• Straight Gate Church: 10100 Grand River Avenue, Detroit; first and fourth Thursday of the month from 9 a.m. to noon
  • Alternatives for Girls in Detroit: 903 W. Grand Boulevard, Detroit; first and third Thursday of the month from 9 a.m. to 11 a.m.
  • Gompers/Brightmoor Alliance: 14450 Burt Road, Detroit; second and fourth Friday of the month from 9 a.m. to 11 a.m.
  • Anne Visger Preparatory Academy: 11121 W. Jefferson Avenue, Detroit; Wednesdays from 9 a.m. to noon
  • Oakland Church of Christ: 23333 W 10 Mile Road, Southfield; second and fourth Thursday of the month from 2 p.m. to 5 p.m.
  • Kensington Church: 25000 Hall Road, Clinton Township; Thursdays from 9 a.m. to 11 a.m.
  • Woodside Bible Church in Lake Orion: 2500 Joslyn Road, Lake Orion; Mondays from 9 a.m. to 11 a.m.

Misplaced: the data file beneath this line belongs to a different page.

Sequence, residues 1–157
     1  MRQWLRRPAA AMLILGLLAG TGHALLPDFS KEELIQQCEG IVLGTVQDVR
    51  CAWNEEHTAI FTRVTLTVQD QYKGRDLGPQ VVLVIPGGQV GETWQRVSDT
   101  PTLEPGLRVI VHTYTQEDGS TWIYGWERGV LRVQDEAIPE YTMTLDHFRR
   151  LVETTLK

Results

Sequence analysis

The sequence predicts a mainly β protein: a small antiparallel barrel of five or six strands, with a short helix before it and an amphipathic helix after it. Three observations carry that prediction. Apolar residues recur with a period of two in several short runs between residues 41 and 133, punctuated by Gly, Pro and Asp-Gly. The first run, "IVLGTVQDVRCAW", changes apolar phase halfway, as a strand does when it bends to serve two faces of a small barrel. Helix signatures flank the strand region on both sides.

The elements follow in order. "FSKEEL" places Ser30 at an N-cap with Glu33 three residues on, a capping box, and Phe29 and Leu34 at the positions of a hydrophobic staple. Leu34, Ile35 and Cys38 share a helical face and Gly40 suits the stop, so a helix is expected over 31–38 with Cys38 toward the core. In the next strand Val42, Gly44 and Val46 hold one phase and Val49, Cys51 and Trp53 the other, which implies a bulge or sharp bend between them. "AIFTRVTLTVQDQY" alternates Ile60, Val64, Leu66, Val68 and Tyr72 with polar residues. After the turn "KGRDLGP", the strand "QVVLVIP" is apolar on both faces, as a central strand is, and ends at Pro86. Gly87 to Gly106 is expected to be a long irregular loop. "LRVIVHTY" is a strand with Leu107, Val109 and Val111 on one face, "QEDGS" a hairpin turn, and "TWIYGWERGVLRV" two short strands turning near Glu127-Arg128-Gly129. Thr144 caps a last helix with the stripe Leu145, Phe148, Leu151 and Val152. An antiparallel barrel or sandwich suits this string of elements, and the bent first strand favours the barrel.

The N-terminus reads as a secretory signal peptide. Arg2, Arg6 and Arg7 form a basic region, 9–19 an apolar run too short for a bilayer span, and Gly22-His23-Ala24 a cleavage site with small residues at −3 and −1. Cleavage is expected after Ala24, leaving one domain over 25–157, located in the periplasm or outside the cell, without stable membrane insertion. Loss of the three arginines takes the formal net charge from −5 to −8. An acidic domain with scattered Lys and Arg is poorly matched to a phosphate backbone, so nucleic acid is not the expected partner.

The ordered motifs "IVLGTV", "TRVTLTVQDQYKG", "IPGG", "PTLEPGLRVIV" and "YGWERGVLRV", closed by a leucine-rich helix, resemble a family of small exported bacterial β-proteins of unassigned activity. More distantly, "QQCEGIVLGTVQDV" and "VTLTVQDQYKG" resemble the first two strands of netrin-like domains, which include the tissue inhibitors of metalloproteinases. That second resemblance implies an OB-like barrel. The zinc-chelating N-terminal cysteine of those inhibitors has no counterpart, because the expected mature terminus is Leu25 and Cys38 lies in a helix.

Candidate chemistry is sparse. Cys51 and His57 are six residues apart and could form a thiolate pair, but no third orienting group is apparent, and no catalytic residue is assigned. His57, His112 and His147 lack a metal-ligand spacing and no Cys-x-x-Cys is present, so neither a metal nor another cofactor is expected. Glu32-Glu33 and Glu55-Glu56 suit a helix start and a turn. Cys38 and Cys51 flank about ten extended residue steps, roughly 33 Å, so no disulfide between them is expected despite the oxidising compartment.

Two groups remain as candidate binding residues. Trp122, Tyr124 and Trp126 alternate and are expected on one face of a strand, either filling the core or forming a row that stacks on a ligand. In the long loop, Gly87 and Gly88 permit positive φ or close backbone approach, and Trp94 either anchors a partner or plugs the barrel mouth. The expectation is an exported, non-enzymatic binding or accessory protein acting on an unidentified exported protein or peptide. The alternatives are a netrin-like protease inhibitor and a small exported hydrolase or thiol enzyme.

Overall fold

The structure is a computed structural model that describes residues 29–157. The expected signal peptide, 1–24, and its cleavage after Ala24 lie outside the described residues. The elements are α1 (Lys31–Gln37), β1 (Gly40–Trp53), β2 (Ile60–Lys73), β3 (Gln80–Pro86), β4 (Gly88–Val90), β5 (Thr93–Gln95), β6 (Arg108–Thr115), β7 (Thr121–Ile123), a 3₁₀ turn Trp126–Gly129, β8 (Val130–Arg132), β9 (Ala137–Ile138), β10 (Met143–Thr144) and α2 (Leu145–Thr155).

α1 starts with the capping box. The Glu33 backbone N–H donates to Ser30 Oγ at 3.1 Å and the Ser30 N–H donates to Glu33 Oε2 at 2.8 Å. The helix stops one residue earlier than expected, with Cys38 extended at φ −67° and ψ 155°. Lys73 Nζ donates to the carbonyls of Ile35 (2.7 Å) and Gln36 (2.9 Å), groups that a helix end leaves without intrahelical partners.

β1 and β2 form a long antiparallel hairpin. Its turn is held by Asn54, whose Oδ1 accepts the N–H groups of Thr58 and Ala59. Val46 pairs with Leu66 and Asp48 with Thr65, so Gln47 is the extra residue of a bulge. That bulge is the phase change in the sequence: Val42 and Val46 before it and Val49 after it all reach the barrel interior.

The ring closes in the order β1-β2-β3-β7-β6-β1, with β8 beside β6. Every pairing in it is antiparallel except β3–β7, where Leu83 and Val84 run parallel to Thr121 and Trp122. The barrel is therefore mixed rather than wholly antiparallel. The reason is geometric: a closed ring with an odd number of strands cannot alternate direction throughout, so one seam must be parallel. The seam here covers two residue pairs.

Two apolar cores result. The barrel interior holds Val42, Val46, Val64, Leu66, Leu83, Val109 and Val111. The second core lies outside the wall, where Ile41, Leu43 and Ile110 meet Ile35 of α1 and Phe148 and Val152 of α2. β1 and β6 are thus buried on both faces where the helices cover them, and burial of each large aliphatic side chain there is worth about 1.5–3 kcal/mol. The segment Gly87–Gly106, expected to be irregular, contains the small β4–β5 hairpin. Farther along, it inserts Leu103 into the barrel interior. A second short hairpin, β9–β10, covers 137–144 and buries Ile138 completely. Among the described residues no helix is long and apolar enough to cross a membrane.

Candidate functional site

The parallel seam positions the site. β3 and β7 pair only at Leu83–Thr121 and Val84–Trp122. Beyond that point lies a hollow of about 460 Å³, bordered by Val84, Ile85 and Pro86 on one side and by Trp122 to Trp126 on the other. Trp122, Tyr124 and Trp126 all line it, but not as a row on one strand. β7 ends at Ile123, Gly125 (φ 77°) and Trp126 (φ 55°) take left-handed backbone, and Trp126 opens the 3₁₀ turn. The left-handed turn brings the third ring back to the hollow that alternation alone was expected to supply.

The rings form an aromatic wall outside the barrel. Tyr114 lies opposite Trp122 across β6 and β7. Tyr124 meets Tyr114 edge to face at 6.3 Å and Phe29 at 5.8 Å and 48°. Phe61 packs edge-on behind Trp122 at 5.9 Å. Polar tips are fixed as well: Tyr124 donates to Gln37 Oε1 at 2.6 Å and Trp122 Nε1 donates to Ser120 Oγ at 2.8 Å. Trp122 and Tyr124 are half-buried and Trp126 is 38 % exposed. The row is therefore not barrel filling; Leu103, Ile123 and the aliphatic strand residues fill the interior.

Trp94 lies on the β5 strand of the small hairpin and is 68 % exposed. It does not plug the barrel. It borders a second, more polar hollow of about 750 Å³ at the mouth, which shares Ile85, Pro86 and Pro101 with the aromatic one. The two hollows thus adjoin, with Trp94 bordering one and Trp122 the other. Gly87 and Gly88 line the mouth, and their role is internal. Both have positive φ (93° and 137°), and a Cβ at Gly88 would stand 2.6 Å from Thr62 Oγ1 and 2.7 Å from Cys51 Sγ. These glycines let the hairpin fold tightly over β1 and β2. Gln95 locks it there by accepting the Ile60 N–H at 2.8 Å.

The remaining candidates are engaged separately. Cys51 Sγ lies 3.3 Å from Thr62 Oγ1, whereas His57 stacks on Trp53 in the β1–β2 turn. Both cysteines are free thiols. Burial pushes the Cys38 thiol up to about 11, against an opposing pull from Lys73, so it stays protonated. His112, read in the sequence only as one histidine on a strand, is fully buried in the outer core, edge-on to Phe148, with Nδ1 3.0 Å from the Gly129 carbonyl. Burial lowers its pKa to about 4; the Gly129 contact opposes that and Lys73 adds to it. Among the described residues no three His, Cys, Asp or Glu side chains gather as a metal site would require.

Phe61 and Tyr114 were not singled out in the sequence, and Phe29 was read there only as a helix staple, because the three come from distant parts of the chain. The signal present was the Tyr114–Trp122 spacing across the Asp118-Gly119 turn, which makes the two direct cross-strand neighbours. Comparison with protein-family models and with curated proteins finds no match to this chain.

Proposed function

• Catholic Charities of Southeast Michigan – La Casa Amiga: 76 Williams Street, Pontiac; first and third Tuesday of the month from 9 a.m. to 11 a.m.
  • St. Clemente: 247 S. Main Street, Romeo; Mondays from 9 a.m. to noon.
  • Metropolitan Church of the Nazarene: 18945 Frazho Road, Roseville; second and fourth Wednesday of the month from 9 a.m. to noon, with registration at 7 a.m.
  • Bethesda Christian Church: 14000 Metropolitan Parkway, Sterling Heights; first and third Monday of the month from 4-5:30 p.m.
  • Citizens Changing Communities (Hand Up Inc.): 9650 Wayne Road, Romulus; Tuesdays from 11 a.m. to 2 p.m.

For more information and any updates, go to

Summer Food Assistance available for families

The Summer Electronic Benefit Transfer — Summer EBT — is a federal program to help families with school-aged children buy food. Students who receive state aid, such as cash assistance or Medicaid, or those who attend a school participating in the National School Lunch Program or School Breakfast Program are eligible. Families can get $120 for three months of benefits from June to August. Benefits will be issued Aug. 10, according to the Michigan Department of Health and Human Services, or MDHHS.